This compound was built during the zenith of Chiang Mai’s power and is one of the more venerated temples in the city. It is still the focus of many important religious ceremonies, particularly the Songkran Festival. More than 700 monks study here and you will find them especially friendly with tourists.
King Phayu, of Mengrai lineage, built the chedi in 1345, principally to house the cremated remains of King Kamfu, his father. As you enter the grounds, head to the right toward the 14th-century library. Notice the graceful carving and the characteristic roofline with four separate elevations. The sculptural devata figures, in both dancing and meditative poses, are thought to have been made during King Muang Kaeo’s reign in the early 16th century. They decorate a stone base designed to keep the fragile saa (mulberry bark) manuscripts elevated from flooding and vermin.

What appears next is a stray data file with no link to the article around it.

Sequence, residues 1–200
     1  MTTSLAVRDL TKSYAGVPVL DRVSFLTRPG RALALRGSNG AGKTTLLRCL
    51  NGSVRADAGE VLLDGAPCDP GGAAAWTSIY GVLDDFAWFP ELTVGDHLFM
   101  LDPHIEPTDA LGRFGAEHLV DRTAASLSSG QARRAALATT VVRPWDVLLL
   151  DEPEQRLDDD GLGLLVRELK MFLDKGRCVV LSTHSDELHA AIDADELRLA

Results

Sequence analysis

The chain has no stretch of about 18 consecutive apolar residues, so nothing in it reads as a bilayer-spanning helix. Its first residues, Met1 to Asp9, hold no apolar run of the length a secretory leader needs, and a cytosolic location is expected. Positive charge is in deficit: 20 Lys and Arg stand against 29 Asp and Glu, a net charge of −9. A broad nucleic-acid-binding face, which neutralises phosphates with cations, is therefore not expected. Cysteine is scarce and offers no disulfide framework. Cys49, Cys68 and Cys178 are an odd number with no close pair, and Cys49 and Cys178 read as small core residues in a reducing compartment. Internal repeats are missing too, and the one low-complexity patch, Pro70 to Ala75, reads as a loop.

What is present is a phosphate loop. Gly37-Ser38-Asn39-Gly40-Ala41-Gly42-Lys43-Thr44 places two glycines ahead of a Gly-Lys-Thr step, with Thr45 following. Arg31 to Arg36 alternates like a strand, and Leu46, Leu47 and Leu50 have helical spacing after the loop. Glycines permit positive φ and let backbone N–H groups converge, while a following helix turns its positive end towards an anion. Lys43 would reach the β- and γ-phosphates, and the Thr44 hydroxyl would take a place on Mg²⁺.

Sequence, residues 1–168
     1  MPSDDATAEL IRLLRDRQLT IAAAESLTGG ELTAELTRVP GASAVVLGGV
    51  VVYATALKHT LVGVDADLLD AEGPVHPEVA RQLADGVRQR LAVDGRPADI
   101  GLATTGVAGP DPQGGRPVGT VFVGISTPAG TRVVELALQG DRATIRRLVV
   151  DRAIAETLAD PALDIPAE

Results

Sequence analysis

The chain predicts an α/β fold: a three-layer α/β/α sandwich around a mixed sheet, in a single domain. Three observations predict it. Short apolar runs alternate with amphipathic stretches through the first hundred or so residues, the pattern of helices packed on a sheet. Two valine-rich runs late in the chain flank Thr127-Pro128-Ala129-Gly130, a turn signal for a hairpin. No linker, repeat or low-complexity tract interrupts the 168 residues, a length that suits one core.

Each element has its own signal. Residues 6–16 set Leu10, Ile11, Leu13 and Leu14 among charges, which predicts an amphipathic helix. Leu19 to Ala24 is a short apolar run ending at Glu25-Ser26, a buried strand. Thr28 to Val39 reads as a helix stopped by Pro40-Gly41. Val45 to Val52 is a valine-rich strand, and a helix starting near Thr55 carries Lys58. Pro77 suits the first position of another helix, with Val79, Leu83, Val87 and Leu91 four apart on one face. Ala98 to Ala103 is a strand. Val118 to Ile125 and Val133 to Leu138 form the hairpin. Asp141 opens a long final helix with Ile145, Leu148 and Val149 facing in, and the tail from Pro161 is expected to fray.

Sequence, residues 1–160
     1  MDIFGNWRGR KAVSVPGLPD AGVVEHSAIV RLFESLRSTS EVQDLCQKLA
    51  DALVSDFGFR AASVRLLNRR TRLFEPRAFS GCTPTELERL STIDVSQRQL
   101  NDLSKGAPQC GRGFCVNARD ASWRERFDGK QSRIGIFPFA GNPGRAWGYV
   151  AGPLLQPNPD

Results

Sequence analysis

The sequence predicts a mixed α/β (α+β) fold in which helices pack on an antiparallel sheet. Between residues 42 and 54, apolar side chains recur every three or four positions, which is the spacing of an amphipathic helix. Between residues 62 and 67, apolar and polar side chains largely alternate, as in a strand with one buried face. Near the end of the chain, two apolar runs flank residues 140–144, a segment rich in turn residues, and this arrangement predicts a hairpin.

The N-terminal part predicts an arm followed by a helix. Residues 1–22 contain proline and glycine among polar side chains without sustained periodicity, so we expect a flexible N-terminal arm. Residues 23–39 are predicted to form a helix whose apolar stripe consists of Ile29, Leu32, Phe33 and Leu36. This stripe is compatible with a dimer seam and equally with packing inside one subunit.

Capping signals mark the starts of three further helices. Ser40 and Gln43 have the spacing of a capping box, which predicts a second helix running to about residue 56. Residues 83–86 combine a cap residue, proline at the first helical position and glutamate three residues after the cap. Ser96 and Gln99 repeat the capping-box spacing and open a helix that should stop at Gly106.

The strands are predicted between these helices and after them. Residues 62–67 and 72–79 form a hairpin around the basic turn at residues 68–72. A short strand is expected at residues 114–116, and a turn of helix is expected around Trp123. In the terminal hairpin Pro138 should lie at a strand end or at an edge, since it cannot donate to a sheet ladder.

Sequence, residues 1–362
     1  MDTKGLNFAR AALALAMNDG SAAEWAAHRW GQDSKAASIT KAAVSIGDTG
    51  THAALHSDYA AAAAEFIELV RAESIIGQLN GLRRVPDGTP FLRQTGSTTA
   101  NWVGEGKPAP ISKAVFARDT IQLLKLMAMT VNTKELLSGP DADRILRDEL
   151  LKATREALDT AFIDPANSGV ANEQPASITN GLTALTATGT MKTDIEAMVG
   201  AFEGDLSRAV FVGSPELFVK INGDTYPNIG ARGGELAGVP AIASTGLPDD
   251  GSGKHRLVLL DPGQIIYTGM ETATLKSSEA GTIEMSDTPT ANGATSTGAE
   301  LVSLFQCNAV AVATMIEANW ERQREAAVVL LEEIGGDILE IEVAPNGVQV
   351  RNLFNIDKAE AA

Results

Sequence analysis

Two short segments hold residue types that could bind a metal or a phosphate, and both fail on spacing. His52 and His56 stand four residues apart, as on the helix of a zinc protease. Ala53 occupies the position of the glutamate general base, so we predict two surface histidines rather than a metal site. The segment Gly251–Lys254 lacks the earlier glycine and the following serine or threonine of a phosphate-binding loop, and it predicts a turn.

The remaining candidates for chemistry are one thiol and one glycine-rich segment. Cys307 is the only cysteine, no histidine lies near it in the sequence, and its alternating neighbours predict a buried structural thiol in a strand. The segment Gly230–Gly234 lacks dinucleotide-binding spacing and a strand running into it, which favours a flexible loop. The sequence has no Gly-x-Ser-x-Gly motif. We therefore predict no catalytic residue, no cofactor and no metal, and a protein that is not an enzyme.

On the other side of the temple complex is the 200-year-old Lai Kham (Gilded Hall) Viharn, housing the venerated image of the Phra Singh or Lion Buddha, brought to the site by King Muang Ma in 1400. The original Buddha’s head was stolen in 1922, but the reproduction in its place doesn’t diminish the homage paid to this figure during Songkran. Inside are frescoes illustrating the stories of Sang Thong (the Golden Prince of the Conchshell) and Suwannahong. These images convey a great deal about the religious, civil, and military life of 19th-century Chiang Mai during King Mahotraprathet’s reign.